As the Paris COP21 is rapidly getting close to its conclusion, one thing is becoming clearer than ever: the role that businesses will play. The role of the global finance world has in order to get to a substantial change, is crucial.
Basically, it is unlikely that an effective agreement will be possible without a meaningful resolution to the “question of finance”. Many actions were already taken and financial institutions say they are determined this time to deliver concrete actions to reduce greenhouse gas emissions. Let’s try to analyse how thing are going and what still the main open questions may be around the meeting rooms of the north-eastern suburb of Paris.
Climate changes and business
The World Bank last Monday declared that 26 financial institutions from developing and developed countries signed the voluntary “Principles to Mainstream Climate Action within Financial Institutions”, pledging to integrate climate considerations into their investment portfolio.
These principles lay out a clear “pathway for financial institutions to integrate climate change into their operations” with the aim to deliver “more sustainable, short and long term results, both developmentally and financially”, as stressed by Rachel Kyte, World Bank Group Vice President and Special Envoy for Climate Change.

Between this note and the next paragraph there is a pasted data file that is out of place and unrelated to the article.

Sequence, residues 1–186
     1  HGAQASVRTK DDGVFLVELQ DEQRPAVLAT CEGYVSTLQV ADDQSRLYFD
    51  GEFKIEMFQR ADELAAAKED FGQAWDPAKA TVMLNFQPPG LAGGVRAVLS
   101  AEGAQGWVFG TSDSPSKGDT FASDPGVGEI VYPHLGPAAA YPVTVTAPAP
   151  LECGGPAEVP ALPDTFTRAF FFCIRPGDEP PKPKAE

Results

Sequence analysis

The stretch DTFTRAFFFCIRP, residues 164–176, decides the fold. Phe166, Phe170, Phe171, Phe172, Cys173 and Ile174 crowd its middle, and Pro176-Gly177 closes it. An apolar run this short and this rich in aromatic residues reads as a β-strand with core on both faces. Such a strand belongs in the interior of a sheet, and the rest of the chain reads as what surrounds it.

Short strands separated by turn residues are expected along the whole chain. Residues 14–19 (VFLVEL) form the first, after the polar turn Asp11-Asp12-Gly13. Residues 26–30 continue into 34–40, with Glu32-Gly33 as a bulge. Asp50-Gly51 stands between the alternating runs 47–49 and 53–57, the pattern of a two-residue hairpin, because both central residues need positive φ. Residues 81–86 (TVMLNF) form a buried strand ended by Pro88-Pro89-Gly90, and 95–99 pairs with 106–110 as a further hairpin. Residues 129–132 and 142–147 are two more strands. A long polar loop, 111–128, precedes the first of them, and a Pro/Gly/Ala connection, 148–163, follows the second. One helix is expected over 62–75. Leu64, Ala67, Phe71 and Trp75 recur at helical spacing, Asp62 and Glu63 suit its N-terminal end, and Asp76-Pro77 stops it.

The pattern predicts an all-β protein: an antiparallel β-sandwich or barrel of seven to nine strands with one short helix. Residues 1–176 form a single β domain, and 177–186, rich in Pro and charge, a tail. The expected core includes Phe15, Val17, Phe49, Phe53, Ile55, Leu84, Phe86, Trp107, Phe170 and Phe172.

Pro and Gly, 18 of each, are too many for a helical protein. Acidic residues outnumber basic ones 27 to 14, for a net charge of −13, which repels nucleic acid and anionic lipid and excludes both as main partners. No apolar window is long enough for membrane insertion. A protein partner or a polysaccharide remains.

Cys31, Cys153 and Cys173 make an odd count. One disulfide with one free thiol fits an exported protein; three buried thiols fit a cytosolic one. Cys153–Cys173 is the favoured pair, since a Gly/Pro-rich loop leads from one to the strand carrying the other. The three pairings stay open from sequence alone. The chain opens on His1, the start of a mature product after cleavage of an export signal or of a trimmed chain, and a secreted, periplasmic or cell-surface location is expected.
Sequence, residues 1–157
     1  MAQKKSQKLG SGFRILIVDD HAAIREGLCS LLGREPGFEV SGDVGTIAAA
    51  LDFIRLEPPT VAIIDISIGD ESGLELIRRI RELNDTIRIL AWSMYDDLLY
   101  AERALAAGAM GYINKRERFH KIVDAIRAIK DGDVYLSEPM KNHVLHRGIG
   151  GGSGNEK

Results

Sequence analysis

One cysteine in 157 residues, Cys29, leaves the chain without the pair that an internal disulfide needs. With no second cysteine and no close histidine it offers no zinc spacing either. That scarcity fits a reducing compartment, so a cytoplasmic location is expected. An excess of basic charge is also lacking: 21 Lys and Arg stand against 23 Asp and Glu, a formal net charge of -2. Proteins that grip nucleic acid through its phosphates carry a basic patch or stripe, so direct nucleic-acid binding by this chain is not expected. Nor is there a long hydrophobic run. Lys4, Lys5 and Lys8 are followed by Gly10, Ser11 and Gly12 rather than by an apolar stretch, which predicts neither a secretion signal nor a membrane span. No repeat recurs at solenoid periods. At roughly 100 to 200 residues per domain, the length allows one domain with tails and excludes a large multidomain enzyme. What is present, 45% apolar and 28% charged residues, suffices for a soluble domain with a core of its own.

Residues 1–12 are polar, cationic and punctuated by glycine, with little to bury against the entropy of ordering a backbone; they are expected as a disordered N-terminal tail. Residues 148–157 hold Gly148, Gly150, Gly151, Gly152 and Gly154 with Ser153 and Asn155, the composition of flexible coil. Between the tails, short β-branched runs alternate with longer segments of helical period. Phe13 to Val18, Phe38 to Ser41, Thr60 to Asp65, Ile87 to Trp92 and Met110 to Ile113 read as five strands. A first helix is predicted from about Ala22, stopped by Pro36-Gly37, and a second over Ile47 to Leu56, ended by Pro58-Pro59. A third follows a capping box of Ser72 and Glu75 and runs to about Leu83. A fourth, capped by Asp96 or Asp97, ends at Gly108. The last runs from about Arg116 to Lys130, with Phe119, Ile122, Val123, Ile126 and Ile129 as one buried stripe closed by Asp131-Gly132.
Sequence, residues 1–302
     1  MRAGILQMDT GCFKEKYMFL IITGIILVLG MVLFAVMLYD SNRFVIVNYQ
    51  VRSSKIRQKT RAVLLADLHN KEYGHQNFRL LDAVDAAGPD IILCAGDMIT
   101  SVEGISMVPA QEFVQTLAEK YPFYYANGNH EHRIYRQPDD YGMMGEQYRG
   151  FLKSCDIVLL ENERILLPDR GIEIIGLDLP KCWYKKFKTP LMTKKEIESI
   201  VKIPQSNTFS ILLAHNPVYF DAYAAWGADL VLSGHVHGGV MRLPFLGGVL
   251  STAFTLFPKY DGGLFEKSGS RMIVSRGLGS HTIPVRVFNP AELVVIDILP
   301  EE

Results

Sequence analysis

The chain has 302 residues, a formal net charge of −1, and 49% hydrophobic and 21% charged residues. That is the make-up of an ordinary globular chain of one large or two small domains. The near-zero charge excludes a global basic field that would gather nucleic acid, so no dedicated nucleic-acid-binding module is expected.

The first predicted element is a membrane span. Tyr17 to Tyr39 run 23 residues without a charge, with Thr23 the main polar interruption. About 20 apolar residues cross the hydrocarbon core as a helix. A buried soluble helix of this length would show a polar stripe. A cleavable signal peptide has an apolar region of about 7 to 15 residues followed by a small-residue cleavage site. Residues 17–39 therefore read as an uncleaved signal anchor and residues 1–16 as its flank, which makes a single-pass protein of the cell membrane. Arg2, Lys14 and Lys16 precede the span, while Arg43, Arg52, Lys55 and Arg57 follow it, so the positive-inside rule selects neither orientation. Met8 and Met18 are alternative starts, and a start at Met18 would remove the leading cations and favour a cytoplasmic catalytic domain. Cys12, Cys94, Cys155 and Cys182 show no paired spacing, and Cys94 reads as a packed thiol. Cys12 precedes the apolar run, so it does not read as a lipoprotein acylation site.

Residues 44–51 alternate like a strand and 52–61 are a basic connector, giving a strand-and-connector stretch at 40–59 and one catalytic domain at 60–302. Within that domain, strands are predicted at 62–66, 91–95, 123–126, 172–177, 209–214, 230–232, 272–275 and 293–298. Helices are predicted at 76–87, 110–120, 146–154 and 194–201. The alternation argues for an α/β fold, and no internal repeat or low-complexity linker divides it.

On the same day, Norwegian Prime Minister Erna Solberg announced plans to scale up Norway’s commitments to the Green Climate Fund. Speaking at the Paris climate conference, Prime Minister Solberg stressed the importance of climate finance and Norway’s support for the Fund.
“The Green Climate Fund is now ready for business. I am pleased to announce today that Norway will significantly increase its contributions”, she stated. “If the Fund secures verified emission reductions from deforestation and forest degradation in developing countries, we will double our contribution by 2020,” she then added.
A Green Bank Network
Like the Green Climate Fund, which opened its initial resource mobilization in October 2014, another institution gathered the attention of both media and the delegates that are working in Paris, the so-called “Green Bank Network”. Green banks basically are public entities which are created to partner and work closely with the private sector to increase clean energy investment and bring renewable energy financing into the mainstream. On December 7, six green banks and two nonprofit groups announced they are formally establishing a Network to enlarge their possibilities to bring funds to the green sector, something that has been seen as a major breakthrough as it has never been done before.
India and France’s pledge for solar energy
Moreover, a few days ago, India and France launched an International Solar Alliance to boost solar energy in developing countries. The initiative, which was launched on 30 November by Indian Prime Minister Narendera Modi and French President Francois Hollande, includes now 120 countries.
UN Secretary-General Ban Ki-moon, who attended the launch, said it must send a clear enough signal to investors to encourage the scaling up of solar and other renewable forms of energy and urged all the governments meeting in Paris to work in a spirit of cooperation and compromise to conclude an effective agreement.
Coal and the developing countries